Standard prophylaxis against Pneumocystis carinii, fungal infections, toxoplasmosis, and cytomegalovirus (CMV) infections was used.16-18 Patients with chronic GVHD requiring systemic immunosuppressive therapy continued prophylaxis against P carinii and pneumococcal infections. For outpatient transplantations, scheduled follow-up included 2 to 3 clinic visits per week for the first month, and then once or twice weekly or as clinically indicated thereafter.

The degrees of donor chimerism among peripheral blood T cells, granulocytes, and nucleated marrow cells were assessed at days 28, 56, 84, 180, and 360 after HCT using fluorescence in situ hybridization to detect X and Y chromosomes for recipients of grafts from sex-mismatched donors, and polymerase chain reaction (PCR)–based analyses of polymorphic microsatellite regions for recipients of sex-matched transplants.19 In patients who received transplants at the University of Leipzig, donor chimerism was also evaluated on day 14 after HCT.

The primary study end point was mixed chimerism on day 28, defined as between 5% and 95% peripheral blood donor T cells. Disease evaluations were performed monthly. Donor lymphocyte infusions (DLIs) were given to 6 patients for relapse/disease progression between 57 and 382 (median, 135) days after HCT (median, 10 × 106/kg CD3+ cells infused). Of the 6 patients, 4 received a second dose DLI (median, 43 × 106/kg CD3+cells).

Acute and chronic GVHD were graded as described.20 21Disease responses were assessed using standard criteria. PCR-based techniques were used to test for bcr-abl transcripts (CML),22 clonal immunoglobulin rearrangements (lymphoid malignancies), or other chromosomal translocations. Toxicities were determined using the Common Toxicity Criteria, Version 2.0.

Statistical analyses

Survival and progression-free survival were estimated by the Kaplan-Meier method. Cumulative incidence estimates were calculated for acute GVHD, relapse, and mortality from various causes.23Risk factors for acute GVHD, rejection, relapse, and survival were analyzed using proportional hazards regression models, treating death prior to acute GVHD, rejection, or relapse as a competing event. Rejection was treated as a competing event for analysis of acute GVHD and as a time-dependent covariate for analyses of death and relapse. The factors considered for survival, TRM, and relapse were disease risk, diagnosis, Class I and Class II mismatch, and rejection. The multivariate models were constructed in a stepwise fashion, and no more than 2 variables ever entered any of the models. All Pvalues were derived from likelihood ratio statistics and were 2-sided.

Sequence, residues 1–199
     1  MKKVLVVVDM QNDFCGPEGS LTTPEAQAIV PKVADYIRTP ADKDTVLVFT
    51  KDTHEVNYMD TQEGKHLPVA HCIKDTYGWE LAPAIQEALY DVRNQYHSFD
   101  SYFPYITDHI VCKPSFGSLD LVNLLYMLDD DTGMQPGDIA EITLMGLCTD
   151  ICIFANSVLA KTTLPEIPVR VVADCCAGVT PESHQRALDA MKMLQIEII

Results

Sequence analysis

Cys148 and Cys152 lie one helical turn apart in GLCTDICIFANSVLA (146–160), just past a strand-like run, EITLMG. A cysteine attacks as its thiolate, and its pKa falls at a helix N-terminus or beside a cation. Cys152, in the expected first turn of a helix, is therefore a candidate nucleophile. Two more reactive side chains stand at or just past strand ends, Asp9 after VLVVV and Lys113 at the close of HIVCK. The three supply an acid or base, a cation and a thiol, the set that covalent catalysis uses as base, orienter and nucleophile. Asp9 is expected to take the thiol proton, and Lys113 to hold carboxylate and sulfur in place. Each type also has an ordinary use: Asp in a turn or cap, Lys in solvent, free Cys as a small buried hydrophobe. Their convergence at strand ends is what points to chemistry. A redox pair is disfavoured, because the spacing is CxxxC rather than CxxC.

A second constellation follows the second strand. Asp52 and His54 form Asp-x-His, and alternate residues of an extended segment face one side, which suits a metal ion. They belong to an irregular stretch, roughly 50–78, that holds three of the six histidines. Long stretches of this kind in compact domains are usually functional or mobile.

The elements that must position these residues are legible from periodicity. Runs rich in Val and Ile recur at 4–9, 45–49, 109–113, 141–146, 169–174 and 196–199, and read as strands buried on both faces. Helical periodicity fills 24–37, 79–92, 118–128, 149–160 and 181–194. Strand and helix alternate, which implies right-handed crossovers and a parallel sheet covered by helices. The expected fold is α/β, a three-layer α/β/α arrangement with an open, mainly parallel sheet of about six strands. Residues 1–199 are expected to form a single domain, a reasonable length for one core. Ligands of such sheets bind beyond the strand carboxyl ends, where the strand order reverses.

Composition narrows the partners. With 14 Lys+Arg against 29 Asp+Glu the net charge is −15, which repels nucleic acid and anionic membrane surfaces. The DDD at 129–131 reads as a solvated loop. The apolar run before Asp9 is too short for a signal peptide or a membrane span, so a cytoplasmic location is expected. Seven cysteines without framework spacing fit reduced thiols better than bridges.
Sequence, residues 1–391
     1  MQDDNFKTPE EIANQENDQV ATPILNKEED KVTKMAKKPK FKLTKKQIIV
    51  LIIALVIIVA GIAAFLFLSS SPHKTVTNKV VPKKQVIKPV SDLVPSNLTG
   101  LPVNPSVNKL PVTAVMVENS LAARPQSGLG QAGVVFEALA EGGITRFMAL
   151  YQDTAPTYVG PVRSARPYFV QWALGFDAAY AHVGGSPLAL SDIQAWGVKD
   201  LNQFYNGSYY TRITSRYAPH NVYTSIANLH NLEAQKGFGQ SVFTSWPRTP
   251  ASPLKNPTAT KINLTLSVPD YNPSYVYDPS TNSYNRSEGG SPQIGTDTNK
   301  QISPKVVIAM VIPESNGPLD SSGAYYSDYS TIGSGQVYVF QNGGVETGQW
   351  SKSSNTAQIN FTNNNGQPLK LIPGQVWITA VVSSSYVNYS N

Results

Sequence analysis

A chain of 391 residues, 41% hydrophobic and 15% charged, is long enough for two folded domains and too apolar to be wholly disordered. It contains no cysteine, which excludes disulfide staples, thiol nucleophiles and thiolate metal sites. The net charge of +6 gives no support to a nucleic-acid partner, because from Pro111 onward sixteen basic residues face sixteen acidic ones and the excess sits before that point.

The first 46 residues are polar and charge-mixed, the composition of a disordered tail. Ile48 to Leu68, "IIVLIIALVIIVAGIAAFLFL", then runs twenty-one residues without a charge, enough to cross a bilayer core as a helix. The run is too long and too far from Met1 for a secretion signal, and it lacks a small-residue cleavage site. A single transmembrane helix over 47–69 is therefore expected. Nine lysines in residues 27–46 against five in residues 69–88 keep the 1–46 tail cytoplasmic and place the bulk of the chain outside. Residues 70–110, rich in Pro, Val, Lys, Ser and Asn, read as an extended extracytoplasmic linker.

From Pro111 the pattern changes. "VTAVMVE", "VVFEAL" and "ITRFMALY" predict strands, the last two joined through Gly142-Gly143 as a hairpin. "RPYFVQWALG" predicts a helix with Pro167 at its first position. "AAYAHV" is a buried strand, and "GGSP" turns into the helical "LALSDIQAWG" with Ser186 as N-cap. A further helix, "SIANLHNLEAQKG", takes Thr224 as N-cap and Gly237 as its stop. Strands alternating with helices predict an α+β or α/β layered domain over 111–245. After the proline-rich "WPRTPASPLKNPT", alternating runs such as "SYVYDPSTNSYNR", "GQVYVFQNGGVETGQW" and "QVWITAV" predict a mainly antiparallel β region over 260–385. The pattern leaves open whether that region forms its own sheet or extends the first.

Peripheral blood cell changes, allogeneic engraftment, and graft rejection

Figure 1 summarizes peripheral blood neutrophil and platelet changes to day +30 after HCT. A median of 4 units (range, 0-166 units) of platelets and a median of 8 units (range, 0-34 units) of red blood cells were transfused. Nine patients (17%) did not require any transfusions, 16 did not require platelet transfusions, and 9 did not require red blood cell transfusions. No adverse hemolytic reactions occurred in 32 blood group (18 minor and 14 major) incompatible transplantations. Median hospital stay for 22 patients treated in the US and eligible for outpatient therapy was 16 days (range, 0 to 56 days), while the 30 patients who received transplants in Germany and were ineligible for outpatient treatment had a median hospital stay of 40 days (range, 13 to 122 days).